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Table of contents

  1. Hello File
  2. Resource Handling
  3. Buffered I/O
  4. A note on filepath

Hello File

It’s easy to use Z-IO package’s filesystem module, first please import Z.IO.Filesystem:

import qualified Z.IO.FileSystem as FS

If it’s OK to load a file into memory at once, you can use following:

readFile :: HasCallStack => CBytes -> IO Bytes
readTextFile :: HasCallStack => CBytes -> IO Text
writeFile :: HasCallStack => CBytes -> Bytes -> IO ()
writeTextFile :: HasCallStack => CBytes -> Text -> IO ()

CBytes is Z’s file path type. Bytes, and Text are types for binary and textual content, respectively. These types are documented in Z-Data section. readTextFile and writeTextFile assumes UTF-8 encoding:

> FS.writeTextFile "./test_file" "hello world!"
> FS.readFile "./test_file" 
> FS.readTextFile "./test_file" 
"hello world!"

Resource Handling

Now let’s see a more complicated function:

initFile :: CBytes
         -> FileFlag        -- ^ Opening flags, e.g. 'O_CREAT' @.|.@ 'O_RDWR'
         -> FileMode        -- ^ Sets the file mode (permission and sticky bits),
                            -- but only if the file was created, see 'DEFAULT_FILE_MODE'.
         -> Resource File

FileFlag and FileMode are bit constants controlling the file opening behavior, such as if we have read or write access or if a new file will be created when there’s none. You can find more constants on hackage docs. The interesting thing here is that initFile function returns a Resource File type instead of IO File. Resource is defined in Z.IO.Resource module, with following functions to use it:

withResource :: HasCallStack
             => Resource a      -- ^ resource management record
             -> (a -> IO b)     -- ^ function working on a resource
             -> IO b

withResource' :: HasCallStack
              => Resource a      -- ^ resource management record
              -> (a -> IO () -> IO b)   
                    -- ^ second param is the close function for early closing
              -> IO b

We simplified those two functions’ type a little bit, and here is the idea: withResource will take care of resource opening and cleanup automatically, after you finish using it, or when exceptions happen. You only need to pass a function working on that resource. Now let’s read the file created above again:

import           Z.IO       -- this module re-export Z.IO.Resource and other common stuff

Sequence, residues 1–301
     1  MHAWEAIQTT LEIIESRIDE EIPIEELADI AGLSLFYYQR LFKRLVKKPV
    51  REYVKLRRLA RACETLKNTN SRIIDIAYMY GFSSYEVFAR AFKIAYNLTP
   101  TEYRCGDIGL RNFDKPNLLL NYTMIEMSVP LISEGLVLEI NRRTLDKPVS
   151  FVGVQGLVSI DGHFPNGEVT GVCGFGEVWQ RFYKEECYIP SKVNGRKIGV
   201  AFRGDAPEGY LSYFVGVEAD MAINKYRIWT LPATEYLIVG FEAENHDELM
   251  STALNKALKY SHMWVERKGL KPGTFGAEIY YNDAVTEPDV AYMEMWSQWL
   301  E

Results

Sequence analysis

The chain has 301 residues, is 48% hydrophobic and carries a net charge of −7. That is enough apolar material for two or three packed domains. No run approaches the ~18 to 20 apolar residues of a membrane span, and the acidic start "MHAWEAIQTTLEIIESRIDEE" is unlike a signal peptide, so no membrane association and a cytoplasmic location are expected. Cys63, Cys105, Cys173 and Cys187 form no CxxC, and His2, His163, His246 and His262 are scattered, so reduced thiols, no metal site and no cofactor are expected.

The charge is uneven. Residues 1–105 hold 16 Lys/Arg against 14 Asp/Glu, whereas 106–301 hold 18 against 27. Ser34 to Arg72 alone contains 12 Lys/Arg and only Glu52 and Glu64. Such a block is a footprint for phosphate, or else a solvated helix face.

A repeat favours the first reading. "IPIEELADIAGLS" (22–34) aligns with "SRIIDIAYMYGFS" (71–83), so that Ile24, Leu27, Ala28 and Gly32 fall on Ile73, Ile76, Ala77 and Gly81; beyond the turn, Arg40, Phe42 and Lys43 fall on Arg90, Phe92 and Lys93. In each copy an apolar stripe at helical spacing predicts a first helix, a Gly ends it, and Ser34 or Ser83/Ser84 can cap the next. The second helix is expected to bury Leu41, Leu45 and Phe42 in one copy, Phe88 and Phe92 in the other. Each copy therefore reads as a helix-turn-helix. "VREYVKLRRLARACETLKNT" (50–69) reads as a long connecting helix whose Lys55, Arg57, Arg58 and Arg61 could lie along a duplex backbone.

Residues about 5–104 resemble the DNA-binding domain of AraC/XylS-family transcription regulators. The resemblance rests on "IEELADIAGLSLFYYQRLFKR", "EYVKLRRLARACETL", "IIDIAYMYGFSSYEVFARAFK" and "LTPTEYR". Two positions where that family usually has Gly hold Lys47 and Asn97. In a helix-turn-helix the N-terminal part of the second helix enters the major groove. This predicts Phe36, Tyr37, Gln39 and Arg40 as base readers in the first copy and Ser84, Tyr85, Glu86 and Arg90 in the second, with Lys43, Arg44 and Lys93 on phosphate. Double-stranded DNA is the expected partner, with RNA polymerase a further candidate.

import qualified Z.IO.FileSystem as FS

withResource (FS.initFile "./test_file" FS.O_RDWR FS.DEFAULT_FILE_MODE) $ \ file -> do
    bi <- newBufferedInput file
    printStd =<< readLine bi

initFile function doesn’t open the file, and it just records how to open and close the file. Every time you want to do something with the file, use withResource to open(and close) it, that’s all about resource handling in Z.

Resource has a Monad instance, which is useful for safely combining resources, e.g. instead of writing following code:

withResource initRes1 $ \ res1 ->
    withResource initRes2 $ \ res2 ->
        withResource initRes3 $ \ res3 ->
            ... res1 ... res2 ... res3

You could define a combined Resource:

initRes123 :: Resource (Res1, Res2, Res3)
initRes123 = do
    res1 <- initRes1
    res2 <- initRes2
    res3 <- initRes3
    return (res1, res2, res3)

Now withResource initRes123 $ \ (res1, res2, res3) -> ... will first open res1, res2, res3 in order, then close them in reverse order. You could even interleave IO action within Resource using its MonadIO instance:

initRes123 :: Resource (Res1, Res2)
initRes123 = do
    res1 <- initRes1
    res2Param <- liftIO $ ... res1 ...
    res2 <- initRes2 res2Param
    return (res1, res2)

The lifted IO action will become a part of the resource opening process.

Buffered I/O

newBufferedInput and readLine functions in the code above are from Z.IO.Buffered module(also re-exported from Z.IO). In Z-IO, many IO devices(including File above) are instances of Input/Output class: